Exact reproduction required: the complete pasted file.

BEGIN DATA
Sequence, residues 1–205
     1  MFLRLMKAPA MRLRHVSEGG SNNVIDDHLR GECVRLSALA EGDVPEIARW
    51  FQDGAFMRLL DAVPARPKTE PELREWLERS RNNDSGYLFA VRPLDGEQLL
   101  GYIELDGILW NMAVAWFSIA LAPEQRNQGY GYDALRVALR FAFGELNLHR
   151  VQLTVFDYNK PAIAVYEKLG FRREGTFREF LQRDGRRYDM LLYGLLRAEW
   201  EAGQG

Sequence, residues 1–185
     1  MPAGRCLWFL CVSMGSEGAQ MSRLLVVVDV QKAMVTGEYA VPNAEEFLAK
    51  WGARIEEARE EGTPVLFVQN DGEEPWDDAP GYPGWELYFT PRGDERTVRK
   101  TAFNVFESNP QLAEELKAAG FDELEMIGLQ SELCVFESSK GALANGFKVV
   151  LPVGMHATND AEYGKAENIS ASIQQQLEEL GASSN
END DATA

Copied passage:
Sequence, residues 1–205
     1  MFLRLMKAPA MRLRHVSEGG SNNVIDDHLR GECVRLSALA EGDVPEIARW
    51  FQDGAFMRLL DAVPARPKTE PELREWLERS RNNDSGYLFA VRPLDGEQLL
   101  GYIELDGILW NMAVAWFSIA LAPEQRNQGY GYDALRVALR FAFGELNLHR
   151  VQLTVFDYNK PAIAVYEKLG FRREGTFREF LQRDGRRYDM LLYGLLRAEW
   201  EAGQG

Sequence, residues 1–185
     1  MPAGRCLWFL CVSMGSEGAQ MSRLLVVVDV QKAMVTGEYA VPNAEEFLAK
    51  WGARIEEARE EGTPVLFVQN DGEEPWDDAP GYPGWELYFT PRGDERTVRK
   101  TAFNVFESNP QLAEELKAAG FDELEMIGLQ SELCVFESSK GALANGFKVV
   151  LPVGMHATND AEYGKAENIS ASIQQQLEEL GASSN